• Braiding Sweetgrass: Indigenous Wisdom, Scientific Knowledge and the Teachings of Plants – Robin Wall Kimmerer

Drawing on her life as an indigenous scientist, and as a woman, Kimmerer shows how other living beings – asters and goldenrod, strawberries and squash, salamanders, algae, and sweetgrass – offer us gifts and lessons, even if we’ve forgotten how to hear their voices. In reflections that range from the creation of Turtle Island to the forces that threaten its flourishing today, she circles toward a central argument: that the awakening of ecological consciousness requires the acknowledgment and celebration of our reciprocal relationship with the rest of the living world. For only when we can hear the languages of other beings will we be capable of understanding the generosity of the earth, and learn to give our own gifts in return.”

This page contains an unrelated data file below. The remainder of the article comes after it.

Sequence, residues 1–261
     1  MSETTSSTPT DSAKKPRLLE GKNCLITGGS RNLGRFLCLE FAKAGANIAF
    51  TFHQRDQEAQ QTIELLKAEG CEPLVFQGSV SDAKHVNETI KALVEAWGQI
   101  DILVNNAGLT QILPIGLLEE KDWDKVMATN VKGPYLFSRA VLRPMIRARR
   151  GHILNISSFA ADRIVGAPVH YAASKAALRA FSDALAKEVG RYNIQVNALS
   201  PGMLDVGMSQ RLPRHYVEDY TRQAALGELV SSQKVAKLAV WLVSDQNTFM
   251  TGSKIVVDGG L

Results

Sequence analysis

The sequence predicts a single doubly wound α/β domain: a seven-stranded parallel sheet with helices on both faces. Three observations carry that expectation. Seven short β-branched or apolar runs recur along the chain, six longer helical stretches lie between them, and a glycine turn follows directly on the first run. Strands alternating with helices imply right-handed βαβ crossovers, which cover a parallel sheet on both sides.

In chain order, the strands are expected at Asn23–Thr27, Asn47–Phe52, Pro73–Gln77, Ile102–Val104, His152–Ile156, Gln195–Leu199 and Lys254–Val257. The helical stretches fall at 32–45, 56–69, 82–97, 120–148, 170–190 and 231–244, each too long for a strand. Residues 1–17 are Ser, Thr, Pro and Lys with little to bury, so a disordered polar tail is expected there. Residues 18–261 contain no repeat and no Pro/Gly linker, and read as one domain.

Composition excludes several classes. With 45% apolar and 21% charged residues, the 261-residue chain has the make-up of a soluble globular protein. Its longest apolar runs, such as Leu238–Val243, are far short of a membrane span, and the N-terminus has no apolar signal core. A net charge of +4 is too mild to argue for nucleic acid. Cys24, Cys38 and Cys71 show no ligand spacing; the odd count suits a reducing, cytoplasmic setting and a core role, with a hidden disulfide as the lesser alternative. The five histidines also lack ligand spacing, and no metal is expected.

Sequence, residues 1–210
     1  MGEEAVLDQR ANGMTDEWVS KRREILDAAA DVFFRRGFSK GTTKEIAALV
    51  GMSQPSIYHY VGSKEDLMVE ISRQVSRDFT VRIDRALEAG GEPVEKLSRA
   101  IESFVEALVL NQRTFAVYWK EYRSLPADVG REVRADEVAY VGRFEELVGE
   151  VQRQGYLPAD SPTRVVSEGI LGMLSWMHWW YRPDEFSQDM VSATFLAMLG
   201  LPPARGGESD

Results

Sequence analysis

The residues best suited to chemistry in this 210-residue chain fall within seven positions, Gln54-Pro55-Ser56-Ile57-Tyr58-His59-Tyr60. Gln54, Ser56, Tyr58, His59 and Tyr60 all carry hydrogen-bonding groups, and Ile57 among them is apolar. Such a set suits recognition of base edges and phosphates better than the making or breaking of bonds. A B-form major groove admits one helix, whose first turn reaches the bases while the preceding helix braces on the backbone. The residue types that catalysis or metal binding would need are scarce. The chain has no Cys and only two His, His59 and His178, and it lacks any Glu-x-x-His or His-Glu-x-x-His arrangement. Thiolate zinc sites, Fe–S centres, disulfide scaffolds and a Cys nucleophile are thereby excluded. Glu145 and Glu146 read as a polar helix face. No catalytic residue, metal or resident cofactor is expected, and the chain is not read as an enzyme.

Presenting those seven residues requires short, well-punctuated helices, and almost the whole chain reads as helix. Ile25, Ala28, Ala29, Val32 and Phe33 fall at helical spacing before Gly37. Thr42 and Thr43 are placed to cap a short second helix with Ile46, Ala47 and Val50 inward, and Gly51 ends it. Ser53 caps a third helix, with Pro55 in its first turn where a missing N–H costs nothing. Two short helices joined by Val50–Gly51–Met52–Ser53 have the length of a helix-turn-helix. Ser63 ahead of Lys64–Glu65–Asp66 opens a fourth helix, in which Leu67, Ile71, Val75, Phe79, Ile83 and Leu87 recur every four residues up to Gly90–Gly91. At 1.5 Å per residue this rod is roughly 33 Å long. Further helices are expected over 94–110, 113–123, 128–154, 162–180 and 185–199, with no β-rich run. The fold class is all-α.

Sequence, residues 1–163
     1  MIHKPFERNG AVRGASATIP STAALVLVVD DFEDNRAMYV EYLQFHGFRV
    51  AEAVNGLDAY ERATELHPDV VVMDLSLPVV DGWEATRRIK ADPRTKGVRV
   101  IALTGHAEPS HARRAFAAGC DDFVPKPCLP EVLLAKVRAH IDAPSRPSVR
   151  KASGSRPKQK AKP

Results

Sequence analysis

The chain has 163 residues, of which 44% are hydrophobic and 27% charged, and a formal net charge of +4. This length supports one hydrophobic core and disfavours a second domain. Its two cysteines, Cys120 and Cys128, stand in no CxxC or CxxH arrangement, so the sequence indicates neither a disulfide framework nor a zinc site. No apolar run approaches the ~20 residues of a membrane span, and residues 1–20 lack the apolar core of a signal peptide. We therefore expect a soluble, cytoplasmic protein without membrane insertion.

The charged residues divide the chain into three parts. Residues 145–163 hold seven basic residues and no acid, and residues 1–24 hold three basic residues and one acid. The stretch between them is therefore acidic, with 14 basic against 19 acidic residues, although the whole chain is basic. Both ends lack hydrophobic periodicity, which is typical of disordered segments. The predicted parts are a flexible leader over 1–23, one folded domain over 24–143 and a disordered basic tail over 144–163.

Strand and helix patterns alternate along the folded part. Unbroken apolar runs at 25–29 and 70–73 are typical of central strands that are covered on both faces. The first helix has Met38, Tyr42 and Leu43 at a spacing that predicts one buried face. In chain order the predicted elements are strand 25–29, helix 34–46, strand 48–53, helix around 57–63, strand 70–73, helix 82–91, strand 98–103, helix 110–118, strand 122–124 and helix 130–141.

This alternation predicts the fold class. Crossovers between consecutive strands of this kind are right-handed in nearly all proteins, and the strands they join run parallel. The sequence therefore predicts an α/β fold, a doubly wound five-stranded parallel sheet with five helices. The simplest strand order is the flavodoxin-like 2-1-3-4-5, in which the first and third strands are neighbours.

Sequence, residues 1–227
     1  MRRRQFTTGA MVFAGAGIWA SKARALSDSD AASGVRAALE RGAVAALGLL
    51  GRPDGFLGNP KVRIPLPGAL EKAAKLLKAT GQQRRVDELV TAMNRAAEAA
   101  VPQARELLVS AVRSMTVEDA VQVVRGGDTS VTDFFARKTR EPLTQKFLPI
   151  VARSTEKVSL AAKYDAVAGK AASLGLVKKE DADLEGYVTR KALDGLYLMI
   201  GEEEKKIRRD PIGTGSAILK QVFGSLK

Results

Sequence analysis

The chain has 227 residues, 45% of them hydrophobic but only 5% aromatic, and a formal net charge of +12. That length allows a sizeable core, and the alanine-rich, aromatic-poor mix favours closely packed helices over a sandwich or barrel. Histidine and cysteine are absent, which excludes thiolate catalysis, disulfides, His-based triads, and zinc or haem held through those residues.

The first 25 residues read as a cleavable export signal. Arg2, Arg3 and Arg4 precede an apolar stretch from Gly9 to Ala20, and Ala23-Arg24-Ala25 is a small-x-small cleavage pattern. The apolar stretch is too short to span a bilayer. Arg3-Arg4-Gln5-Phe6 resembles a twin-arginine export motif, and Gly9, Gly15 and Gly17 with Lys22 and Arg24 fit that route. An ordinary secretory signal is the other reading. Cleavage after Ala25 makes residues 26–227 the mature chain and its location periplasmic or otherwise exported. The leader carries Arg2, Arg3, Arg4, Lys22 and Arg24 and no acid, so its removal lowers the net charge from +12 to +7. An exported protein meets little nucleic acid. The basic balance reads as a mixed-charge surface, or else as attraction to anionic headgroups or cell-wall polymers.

Children’s Books

  • Sam: The Junior Herbalist: The Case Of The Tummy Troubles – Angela Rahim, illustrated by Ameenah Samuel

Sam The Junior Herbalist is a groundbreaking book about an amazing ten-year-old boy who lives in Baltimore, Maryland. Sam is an urban herbalist and environmentalist. He is passionate about plant conservation and helping his community. Children learn about different plants, interesting herbs, and even how to prepare the same herbal remedy Sam makes. The book focuses on the spirit of ethical wildcrafting, environmental stewardship, and helping the creation – from the smallest to the largest creatures on Earth. In Book 1, The Case Of The Tummy Troubles, Sam is on a mission to help his little sister Angela. Her tummy is hurting and Sam has to find herbs for the remedy and get home in time. Will he make it?


  • The Giving Tree – Shel Silverstein

Since it was first published fifty years ago, Shel Silverstein’s poignant picture book for readers of all ages has offered a touching interpretation of the gift of giving and a serene acceptance of another’s capacity to love in return.